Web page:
After Hugh's death, Helen realized that she had a lot of time to fill, and since she's always been curious about how people in other countries lived, she decided to do some traveling. Her travels took her to 28 countries, all over the United States, including Alaska, and throughout Europe.

She can't decide which country she liked best, but she did discover that there's no place like home, and people in other countries just don't treat you like they do in your own home town.

Some of her more amazing travels included seeing Hitler's silo, and the lost city of Atlantis. She will admit that she thinks Alaska had the most beautiful scenery of any place she's been, and it was while she was there that she discovered a great secret-it was revealed to her how God made the rainbow! It was during a terrible storm. She was scared to death at the noise and the lightning. She was at a place where four streams met and looking down she could see the ice under the water. Suddenly, she saw the rainbow appear out of nowhere. It was an amazing experience that she'll never forget, no matter how old she is.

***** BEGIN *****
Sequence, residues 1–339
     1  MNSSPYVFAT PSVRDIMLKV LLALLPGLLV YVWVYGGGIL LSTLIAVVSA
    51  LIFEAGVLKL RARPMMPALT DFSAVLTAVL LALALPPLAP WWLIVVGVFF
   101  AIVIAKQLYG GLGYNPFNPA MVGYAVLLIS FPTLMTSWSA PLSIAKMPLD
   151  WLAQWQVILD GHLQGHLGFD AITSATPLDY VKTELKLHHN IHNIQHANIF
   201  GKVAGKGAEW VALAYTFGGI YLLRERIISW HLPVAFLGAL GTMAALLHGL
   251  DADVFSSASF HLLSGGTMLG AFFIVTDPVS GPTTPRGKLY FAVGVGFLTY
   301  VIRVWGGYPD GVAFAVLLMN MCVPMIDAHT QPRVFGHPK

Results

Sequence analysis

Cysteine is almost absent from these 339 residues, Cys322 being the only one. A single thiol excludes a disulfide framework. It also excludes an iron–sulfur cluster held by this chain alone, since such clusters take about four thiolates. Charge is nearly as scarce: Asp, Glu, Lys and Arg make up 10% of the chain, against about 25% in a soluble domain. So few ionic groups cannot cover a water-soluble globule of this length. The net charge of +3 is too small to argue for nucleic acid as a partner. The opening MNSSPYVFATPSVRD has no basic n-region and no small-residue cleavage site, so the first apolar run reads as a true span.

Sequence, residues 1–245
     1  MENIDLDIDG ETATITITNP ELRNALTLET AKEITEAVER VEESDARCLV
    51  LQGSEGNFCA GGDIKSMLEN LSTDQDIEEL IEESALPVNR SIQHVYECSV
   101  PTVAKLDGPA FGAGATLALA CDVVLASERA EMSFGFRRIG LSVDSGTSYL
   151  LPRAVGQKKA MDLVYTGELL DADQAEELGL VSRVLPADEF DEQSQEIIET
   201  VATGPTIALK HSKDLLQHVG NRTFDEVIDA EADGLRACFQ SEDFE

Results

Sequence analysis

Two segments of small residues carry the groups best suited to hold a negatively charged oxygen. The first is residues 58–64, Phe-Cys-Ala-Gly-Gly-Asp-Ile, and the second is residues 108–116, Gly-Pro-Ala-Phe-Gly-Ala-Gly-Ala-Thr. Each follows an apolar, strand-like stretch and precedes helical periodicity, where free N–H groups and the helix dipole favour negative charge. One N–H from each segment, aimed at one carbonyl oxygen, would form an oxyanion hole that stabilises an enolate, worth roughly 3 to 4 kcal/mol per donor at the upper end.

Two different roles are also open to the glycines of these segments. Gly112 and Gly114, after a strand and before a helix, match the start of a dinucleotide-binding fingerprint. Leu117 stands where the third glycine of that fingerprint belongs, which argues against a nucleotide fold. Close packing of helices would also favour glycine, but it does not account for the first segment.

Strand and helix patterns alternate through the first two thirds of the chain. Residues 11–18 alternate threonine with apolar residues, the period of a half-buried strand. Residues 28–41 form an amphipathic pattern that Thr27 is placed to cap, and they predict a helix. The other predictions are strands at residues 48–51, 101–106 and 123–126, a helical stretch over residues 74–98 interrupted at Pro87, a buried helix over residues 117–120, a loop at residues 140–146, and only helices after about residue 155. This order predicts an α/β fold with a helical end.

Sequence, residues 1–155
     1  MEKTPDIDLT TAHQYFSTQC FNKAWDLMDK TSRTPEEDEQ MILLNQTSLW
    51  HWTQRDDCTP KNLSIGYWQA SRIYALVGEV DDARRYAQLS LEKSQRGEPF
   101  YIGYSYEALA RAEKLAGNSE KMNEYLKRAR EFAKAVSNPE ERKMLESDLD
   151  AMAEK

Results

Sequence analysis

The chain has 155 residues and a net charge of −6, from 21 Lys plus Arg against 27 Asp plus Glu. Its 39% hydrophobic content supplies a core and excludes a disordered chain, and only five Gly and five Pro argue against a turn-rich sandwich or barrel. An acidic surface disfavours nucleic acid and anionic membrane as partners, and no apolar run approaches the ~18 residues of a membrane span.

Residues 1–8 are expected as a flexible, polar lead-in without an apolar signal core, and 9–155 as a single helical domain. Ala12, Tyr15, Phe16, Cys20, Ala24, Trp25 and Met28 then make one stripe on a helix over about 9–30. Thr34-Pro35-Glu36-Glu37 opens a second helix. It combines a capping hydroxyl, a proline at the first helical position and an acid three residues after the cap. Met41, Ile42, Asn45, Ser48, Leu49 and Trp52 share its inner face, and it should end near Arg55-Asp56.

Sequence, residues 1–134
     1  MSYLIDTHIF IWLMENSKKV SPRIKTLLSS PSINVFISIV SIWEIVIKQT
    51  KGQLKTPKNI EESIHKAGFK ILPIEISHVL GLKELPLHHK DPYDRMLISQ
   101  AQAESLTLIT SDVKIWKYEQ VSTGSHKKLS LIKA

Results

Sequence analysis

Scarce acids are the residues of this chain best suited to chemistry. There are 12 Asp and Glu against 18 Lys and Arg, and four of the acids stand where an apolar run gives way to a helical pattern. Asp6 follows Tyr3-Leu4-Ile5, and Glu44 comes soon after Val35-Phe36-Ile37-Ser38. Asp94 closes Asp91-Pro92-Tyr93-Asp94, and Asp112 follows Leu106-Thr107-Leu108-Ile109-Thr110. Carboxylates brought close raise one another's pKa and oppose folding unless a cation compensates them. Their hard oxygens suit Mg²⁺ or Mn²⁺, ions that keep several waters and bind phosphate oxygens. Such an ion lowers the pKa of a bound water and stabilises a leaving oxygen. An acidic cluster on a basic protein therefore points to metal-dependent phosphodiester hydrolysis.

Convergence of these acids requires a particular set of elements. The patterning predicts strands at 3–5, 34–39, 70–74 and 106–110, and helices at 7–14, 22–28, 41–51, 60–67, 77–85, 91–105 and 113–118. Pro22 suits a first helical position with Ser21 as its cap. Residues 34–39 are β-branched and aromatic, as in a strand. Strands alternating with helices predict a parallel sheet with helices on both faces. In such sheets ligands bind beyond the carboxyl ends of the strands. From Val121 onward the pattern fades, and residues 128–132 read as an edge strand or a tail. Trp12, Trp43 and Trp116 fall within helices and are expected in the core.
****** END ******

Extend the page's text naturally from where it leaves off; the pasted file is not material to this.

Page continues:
Helen has always embraced religion and has been a member of the United Presbyterian Church since the age of twelve. She can close her eyes and still see the beautiful dress that her mother made for her when she joined the church. Her faith has always been a big part of her life, and Helen says it's important to her to show her appreciation to God for all he's done for her.

Even at the age of 100, (almost 101!) Helen knows that God has a plan for all of us. and she can hardly wait to see what he has planned for her next.

(THE TIMES - June 18, 2014)

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Contributed by rkohler3 on 2/4/17 - Image Year: 1930
PORT ROYAL HIOGH SCHOOL CLASS OF 1931: (Picture taken in Junior Year - 1930)): Seated (L-R): Mary Jane Weimer, Earl Vanalman, Martha Crawford, Elizabeth Wolfgang, Helen Gilliford, Toby Taylor, Ruth Bergstresser; 2nd Row: John Book, Mary McCreary, Helen Robinson, Mary Smith, Eleanor Beaver, Alton Comp; 3rd Row: Clementine Woodward, John Hertzler, Jay Crawford, Glenn Woodward, Dorothy Johnson; 4th Row: John Klinger, Melvin McCreary, John Stouffer, Andrew Olyer.